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What Type of Entity Is Best for Investing in Real Estate?

Real estate has long been considered one of the best long-term investments – and sometimes it even makes a good short-term investment if the market is just where you want it to be. If you are contemplating investing in real estate one of the first factors you will want to consider is what type of entity is best for investing in real estate. While there is no right or wrong decision, your choice of entity will have an impact on your investment as well as on your overall financial health. Consulting with an experienced Pennsylvania real estate attorney is always your best option because you attorney can discuss how each entity will impact your unique situation; however, a broad understanding of the entities available and their pros and cons may also be beneficial.

  • Sole Proprietorship – a sole proprietorship is by far the simplest entity to create and operate. The downside, however, is the possibility of personal liability and responsibility as well as potentially missed tax savings offered by other options.
  • General Partnership – a general partnership is formed when two or more people agree to work together and share profits. The allocation of profits can be decided by the partners; however, all partners have equal liability for debts (including taxes) of the company. A partnership can also be dissolved rather easily which can be a beneficial attribute in some cases, though if you plan to invest in real estate which is usually a long-term investment you likely want the entity to survive as long as the investment.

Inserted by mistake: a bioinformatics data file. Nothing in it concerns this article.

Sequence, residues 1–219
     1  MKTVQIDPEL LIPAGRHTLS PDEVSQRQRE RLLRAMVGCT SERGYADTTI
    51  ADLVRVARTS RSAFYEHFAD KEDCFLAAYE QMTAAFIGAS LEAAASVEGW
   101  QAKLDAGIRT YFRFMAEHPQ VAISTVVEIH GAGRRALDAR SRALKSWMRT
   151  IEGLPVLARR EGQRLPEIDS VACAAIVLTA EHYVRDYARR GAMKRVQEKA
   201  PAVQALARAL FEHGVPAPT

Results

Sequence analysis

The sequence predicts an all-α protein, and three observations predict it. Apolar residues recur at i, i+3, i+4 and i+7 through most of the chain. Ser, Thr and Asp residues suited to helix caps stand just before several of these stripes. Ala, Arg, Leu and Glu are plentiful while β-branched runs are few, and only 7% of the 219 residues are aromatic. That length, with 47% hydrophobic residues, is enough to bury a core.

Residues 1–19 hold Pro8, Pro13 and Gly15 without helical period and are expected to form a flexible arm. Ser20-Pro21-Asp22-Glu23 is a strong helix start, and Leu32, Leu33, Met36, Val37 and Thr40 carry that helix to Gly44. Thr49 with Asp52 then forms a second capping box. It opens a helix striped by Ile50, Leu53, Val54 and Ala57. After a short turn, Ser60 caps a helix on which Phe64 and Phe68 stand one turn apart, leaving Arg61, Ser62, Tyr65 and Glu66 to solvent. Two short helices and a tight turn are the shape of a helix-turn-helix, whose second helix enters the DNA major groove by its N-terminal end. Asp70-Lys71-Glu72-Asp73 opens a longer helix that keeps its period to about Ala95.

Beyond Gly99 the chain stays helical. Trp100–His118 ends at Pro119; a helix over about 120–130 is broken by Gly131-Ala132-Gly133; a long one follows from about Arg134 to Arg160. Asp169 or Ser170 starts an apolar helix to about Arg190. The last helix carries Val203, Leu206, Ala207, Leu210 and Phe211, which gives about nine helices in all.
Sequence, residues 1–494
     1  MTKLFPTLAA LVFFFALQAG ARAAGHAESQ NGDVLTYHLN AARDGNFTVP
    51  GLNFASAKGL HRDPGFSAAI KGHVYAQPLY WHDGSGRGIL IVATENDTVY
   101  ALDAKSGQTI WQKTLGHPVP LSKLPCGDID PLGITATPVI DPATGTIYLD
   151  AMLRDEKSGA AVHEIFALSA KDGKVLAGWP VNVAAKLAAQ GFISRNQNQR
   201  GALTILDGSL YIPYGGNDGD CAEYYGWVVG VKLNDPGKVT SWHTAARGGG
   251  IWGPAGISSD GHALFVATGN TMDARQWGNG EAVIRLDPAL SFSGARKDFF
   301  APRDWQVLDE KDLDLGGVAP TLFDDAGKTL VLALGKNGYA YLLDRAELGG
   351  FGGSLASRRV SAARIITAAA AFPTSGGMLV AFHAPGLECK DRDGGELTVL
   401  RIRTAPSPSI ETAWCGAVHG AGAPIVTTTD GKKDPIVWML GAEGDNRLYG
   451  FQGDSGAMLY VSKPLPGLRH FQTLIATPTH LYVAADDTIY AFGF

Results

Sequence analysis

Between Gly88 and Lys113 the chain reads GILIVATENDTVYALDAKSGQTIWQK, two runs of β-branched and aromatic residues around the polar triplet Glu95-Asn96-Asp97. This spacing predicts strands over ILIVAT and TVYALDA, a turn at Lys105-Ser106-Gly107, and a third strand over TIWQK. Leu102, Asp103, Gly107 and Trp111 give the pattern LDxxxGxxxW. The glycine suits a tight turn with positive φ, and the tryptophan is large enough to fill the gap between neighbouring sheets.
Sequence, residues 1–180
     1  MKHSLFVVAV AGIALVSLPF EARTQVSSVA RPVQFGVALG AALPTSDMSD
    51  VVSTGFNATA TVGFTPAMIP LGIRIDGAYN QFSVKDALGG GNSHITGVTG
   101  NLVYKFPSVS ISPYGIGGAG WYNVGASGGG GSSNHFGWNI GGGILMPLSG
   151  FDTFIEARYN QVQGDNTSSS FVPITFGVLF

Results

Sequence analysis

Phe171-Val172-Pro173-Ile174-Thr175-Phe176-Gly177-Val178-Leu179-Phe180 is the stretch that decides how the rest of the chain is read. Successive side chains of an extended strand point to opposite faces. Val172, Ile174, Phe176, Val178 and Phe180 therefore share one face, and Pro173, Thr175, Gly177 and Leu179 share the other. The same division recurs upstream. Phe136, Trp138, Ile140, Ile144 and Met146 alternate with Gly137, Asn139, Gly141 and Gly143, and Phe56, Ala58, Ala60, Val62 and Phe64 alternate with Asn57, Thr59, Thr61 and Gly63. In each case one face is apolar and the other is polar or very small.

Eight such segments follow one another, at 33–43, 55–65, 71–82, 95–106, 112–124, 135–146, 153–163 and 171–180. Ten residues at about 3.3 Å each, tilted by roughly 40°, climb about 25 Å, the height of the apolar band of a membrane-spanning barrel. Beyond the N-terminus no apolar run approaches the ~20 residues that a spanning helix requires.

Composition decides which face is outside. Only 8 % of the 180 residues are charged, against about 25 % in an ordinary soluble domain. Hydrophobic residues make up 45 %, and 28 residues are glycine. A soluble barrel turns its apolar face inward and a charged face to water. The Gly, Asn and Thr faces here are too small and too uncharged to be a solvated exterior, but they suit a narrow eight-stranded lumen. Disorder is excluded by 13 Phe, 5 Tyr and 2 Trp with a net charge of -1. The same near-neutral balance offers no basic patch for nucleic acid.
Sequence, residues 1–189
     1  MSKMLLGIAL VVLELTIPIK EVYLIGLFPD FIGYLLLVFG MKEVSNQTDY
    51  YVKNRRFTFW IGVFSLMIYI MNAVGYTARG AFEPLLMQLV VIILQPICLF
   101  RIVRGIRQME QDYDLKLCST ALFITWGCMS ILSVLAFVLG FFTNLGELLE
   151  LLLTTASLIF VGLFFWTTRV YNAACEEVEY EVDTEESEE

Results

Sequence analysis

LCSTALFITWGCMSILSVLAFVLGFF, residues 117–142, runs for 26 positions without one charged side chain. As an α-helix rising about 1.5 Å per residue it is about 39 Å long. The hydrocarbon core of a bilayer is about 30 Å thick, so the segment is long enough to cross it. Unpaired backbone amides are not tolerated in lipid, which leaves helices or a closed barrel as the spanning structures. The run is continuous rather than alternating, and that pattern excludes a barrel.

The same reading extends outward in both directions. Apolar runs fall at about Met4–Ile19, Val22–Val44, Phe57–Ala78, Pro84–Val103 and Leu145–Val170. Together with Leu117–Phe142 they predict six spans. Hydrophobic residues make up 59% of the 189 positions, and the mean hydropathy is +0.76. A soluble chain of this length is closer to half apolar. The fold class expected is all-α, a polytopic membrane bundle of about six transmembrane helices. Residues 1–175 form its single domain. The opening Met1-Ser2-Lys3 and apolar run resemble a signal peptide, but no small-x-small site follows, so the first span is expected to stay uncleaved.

• Hybrids/Variations – there are a number of “hybrids” or variations of the general partnership, most of which combine aspects of a corporation with those of a partnership. Entities such as a limited liability company, S corporation, and limited partnership often minimize a partner’s role in the company, thereby limiting the exposure to debts and liabilities as well. Of course, profit is decreased as well.
  • Traditional Corporation – a traditional corporation is the most complicated to get off the ground and remains the most complex entity to operate. A board of Directors makes corporate decisions, removing the individuality that other entities offer; however, the corporation usually absorbs all liability for acts or omissions and is responsible for debts incurred by the company as well.

Ultimately, only you can decide which of these entitles is right for you and your fledgling real estate investment business; however, you should not make that decision until after you have consulted with an experienced Pennsylvania real estate attorney. Contact the real estate law attorneys at Curley & Rothman, LLC by calling 610-834-8819 today to schedule your free consultation.